The release of a gruesome video showing the burning to death of a Jordanian pilot– weeks before IS offered to trade him for a female terrorist jailed in Jordan – exposed the depths of the organization's cynicism and sadism. It also united Jordanians, who had been somewhat ambivalent members of a 60-nation anti-IS coalition, in demands for revenge. On Wednesday, Jordan executed two militants at dawn.

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Atlantic Council Africa Center Director J. Peter Pham and Deputy Director Bronwyn Bruton contributed essays to a French Ministry of Defense study on US strategy in Africa.

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New government risks undercutting ties with Europe and the US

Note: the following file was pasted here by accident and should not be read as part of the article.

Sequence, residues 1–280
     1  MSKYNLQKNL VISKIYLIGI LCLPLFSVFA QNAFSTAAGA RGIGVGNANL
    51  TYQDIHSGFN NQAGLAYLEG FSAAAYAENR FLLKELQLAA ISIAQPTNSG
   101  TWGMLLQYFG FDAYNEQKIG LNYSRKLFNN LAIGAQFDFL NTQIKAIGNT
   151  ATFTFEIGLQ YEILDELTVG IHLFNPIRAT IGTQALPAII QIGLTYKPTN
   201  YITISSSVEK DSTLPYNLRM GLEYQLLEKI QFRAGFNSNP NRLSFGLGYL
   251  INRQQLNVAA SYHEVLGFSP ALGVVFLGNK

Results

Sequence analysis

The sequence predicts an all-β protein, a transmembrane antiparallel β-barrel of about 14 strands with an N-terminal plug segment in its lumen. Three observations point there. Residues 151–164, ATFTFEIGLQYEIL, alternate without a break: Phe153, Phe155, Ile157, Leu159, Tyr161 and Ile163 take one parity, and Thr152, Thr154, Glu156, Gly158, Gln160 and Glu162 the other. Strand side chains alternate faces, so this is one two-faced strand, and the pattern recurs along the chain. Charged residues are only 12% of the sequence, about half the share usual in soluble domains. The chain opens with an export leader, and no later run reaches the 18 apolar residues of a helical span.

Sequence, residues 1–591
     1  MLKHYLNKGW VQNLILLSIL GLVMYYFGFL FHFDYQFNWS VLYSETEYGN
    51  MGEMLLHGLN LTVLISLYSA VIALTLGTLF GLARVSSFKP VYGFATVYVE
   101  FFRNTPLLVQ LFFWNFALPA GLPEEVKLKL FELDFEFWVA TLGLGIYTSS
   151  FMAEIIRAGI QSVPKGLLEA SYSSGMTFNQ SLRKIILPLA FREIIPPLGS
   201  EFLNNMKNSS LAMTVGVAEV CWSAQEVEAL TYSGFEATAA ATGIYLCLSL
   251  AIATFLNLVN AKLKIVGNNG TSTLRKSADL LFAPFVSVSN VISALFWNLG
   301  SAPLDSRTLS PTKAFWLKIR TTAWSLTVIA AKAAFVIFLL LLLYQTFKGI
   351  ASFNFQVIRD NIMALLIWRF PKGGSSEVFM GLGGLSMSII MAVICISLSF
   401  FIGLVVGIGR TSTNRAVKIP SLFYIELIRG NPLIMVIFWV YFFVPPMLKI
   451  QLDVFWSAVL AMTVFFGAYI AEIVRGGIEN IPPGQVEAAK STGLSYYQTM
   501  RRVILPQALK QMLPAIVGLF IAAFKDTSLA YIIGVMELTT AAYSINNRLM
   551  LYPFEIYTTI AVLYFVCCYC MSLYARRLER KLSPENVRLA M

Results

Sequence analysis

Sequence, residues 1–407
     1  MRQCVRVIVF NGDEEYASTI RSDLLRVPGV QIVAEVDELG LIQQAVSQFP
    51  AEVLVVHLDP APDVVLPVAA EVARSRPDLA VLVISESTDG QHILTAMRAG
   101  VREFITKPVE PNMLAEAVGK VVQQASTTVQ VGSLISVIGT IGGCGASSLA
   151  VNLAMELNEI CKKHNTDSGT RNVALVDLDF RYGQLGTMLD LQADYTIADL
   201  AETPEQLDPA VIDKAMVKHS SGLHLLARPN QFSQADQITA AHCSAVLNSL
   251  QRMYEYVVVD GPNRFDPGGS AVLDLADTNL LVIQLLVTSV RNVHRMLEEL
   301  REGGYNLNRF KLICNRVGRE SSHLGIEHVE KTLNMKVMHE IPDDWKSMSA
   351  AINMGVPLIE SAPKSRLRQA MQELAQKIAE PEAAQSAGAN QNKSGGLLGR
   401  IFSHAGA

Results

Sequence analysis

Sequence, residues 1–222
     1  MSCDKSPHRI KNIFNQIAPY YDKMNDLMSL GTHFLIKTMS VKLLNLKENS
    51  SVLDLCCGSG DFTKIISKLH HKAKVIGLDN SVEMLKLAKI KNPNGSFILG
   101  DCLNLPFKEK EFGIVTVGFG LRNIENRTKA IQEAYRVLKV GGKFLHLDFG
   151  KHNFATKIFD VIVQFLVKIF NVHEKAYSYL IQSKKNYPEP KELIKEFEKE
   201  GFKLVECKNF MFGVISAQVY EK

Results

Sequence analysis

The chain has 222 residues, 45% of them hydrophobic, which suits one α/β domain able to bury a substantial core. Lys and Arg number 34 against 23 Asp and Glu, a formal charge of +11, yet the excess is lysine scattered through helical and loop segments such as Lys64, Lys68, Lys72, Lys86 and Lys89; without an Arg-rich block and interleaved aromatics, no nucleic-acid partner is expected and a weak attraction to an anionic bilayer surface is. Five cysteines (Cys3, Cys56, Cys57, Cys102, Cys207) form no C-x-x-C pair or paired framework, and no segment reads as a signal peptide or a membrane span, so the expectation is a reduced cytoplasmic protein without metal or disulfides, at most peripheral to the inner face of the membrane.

GREECE HAS never been a leader in Europe's power institutions — NATO and the European Union. German, French, and British leaders alike considered it too small, poor, and geographically remote to be a major player. But all that changed with Sunday's landslide victory of the radical left-wing Syriza party in the most important Greek national election in four decades.

By Monday, Syriza's young, strong-willed leader, Alexis Tsipras, had been sworn in as prime minister. Within hours, his new government challenged the EU to renegotiate the terms of Greece's massive bailout package. Tsipras then threatened to block stronger EU sanctions against Russia over Ukraine. Suddenly, a new and very different government in Athens is back on the radar screen of Berlin, Paris, and London.